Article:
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Warp Thread
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Mom and I breathed deeply four times in the cool shadow of Table Mesa. In the distance, a worn road led southward through the Navajo reservation and northward to Shiprock, New Mexico. The white tips of Dibe Nitsaa, Mount Hesperus, the sacred mountain of the North, whispered above. We stretched our arms into a sky as turquoise as the stone in the necklace Mom made me. Father Sky. Swollen gray clouds drifted slowly by. Then we folded ourselves in two; our fingertips brushed the red soil swirling about our feet. Mother Earth. Mom’s eyes remained closed as she inhaled one more time and brought her arms to her chest, the way she normally embraced me with all her might. I wanted to melt there but instead I stood awkwardly beside her, trying to mime a graceful pattern of arm and leg movements that resembled Tai Chi. We faced East (thinking), then South (planning), West (living), and North (wisdom).

Her short black hair settled into a curly halo around her beautiful round face, now unbelievably serene compared to moments earlier when she had slammed her hand-carved weaving fork on the table and said, “Your Rez Mom sucks at this.”

“Me, too,” I’d confessed. Our placemat-sized rugs continued to turn into hourglass shapes, no matter how many times we warned each other to think “loose.”

A few feet away from our meditation, five Caucasian women sat Indian style on tarps or folded Pendleton blankets. Before them, their looms displayed nearly finished rugs, which would soon win awards. Mothers, wives, grandmothers—all of them set aside these roles for five days to camp with no electricity or water on Master Weaver Sarah Natani’s ranch. The desert wind tangled wisps of blond and sandy brown hair loose from traditional Navajo buns at the base of their necks. The sun baked their skin. Stray dogs dozed on their laps. Ants about the length of fingernails scuttled between their toes. Odors of sheep and llama dung wafted from the corrals a few feet away. But they didn’t care. They appeared more authentic as Navajo weavers than Mom and I, weaving comfortably air-conditioned within the Natani home. And then, because we stayed at a hotel for the sake of my two-year-old daughter who spent our class time in a Shiprock daycare, we rolled in late every morning with cups of Starbucks steaming in our hands.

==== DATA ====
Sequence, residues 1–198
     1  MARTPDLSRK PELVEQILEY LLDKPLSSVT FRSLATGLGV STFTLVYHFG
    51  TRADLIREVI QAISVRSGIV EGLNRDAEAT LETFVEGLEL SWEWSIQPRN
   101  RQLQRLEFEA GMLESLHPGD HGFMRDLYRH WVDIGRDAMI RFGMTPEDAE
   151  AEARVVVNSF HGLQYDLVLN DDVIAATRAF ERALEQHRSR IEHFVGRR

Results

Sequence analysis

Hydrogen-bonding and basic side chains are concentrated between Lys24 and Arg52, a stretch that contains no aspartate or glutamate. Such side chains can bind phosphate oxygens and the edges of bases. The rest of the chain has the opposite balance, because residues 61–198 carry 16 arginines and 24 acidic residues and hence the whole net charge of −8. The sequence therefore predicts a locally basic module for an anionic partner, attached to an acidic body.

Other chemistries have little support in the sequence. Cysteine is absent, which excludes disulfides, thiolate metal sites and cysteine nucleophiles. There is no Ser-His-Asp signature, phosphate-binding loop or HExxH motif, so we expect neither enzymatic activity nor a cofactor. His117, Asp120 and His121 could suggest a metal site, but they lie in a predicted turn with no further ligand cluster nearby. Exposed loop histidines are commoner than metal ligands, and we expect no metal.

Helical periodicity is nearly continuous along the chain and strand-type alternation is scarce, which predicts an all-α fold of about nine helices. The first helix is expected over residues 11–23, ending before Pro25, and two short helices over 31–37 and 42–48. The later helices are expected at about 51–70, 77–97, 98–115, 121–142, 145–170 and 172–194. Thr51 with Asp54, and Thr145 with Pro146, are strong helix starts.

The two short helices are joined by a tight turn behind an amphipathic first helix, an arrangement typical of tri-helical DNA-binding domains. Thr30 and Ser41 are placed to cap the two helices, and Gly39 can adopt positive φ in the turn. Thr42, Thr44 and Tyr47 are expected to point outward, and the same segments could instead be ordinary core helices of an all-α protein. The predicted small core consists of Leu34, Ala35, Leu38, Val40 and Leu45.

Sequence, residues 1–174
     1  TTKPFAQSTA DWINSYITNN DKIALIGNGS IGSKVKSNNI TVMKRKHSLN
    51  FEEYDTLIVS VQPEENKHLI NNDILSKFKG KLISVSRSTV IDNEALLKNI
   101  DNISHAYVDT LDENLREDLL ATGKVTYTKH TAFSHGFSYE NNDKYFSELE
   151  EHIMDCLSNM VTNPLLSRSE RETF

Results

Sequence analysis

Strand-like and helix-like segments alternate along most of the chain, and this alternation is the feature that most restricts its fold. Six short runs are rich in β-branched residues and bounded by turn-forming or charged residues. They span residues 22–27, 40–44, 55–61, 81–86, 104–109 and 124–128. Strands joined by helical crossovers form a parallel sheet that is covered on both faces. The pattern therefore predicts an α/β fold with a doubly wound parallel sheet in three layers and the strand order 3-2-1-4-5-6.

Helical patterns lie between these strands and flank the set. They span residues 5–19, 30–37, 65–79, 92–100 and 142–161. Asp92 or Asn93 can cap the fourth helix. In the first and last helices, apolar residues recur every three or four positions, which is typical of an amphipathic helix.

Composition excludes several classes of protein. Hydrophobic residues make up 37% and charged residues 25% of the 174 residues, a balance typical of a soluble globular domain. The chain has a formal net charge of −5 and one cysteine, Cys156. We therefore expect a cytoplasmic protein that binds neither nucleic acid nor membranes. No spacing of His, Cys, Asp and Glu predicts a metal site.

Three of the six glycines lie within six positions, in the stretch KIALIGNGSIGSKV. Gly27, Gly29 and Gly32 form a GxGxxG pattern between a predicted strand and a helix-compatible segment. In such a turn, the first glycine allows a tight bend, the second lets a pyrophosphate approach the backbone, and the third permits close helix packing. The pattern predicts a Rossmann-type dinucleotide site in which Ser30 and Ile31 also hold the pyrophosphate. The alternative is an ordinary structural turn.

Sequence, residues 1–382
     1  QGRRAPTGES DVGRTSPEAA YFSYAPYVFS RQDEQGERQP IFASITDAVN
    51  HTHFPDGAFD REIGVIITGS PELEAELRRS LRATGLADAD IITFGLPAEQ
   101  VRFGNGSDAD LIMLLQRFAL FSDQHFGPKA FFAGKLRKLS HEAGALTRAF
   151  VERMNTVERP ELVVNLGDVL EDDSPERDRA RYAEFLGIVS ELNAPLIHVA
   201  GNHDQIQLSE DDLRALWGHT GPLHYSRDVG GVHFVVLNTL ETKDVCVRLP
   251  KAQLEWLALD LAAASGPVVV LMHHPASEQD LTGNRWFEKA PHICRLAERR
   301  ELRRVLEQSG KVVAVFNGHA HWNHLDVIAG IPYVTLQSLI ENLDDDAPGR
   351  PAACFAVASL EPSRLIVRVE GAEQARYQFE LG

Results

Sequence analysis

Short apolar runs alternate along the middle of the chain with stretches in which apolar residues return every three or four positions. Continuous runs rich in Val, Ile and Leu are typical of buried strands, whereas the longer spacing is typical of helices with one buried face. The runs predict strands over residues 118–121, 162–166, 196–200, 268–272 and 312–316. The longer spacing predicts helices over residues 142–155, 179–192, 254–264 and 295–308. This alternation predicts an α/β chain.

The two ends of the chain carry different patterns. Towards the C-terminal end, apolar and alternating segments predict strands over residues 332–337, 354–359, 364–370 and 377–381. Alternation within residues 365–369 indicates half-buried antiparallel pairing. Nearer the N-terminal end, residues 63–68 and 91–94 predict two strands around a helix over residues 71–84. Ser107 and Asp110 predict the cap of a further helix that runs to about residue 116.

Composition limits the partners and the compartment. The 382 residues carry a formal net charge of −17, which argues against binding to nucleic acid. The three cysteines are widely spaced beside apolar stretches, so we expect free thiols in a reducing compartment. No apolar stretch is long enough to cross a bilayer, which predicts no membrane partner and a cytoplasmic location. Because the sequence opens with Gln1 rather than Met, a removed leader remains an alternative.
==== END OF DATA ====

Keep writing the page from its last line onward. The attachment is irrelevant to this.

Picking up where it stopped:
I wondered what the other weavers thought about us, especially when Mom, who was the only student of Navajo heritage, had to weave with rubber gloves because the yarn irritated her skin. Mostly, they kept a respectful distance, maybe because we called Sarah Natani, Shinaali’ (paternal Grandmother). Mom’s paternal grandfather’s clan, Bit’ahni or Folded Arms People, is a sister clan to Sarah Natani’s maternal clan, Hooghan lani or Many Hogans.

Everyone probably thought I was Navajo too, because I shared Mom’s skin and hair color.

My expression of K’é (a Navajo tradition of introducing oneself through kinship terms), which I usually stumbled through clumsily, goes something like this: “I was born in Raleigh, North Carolina, to Auxilia Chow of Shanghai, China, and John Hsu of Anhui, China. My Chinese name means Fragrant Grass. Ursula Knoki-Wilson of the Táchii’nii, or Red-Running-into-Water People, Clan adopted me after Mā Ma died of liver cancer. My Navajo name means Journey with Caring or Journey to Bring out Gifts.”

The hot desert air seared my lungs and I began to sputter. Mom winked at me and threw her hands into a sky that was supposed to swallow our sorrows, but I couldn’t concentrate. No matter how much Mom loved me like the daughter she never had and tried to caulk the cracks in my grieving heart, I have always felt untethered. I could relate to something Shinaali’ Sarah’s best student had said when she refused a Navajo man’s commission to weave a Navajo rug for him: “Oh no! I’m white. I can’t. It’s not right.”

Shinaali’ Sarah was sitting in front of my loom when Mom and I finished our breathing...



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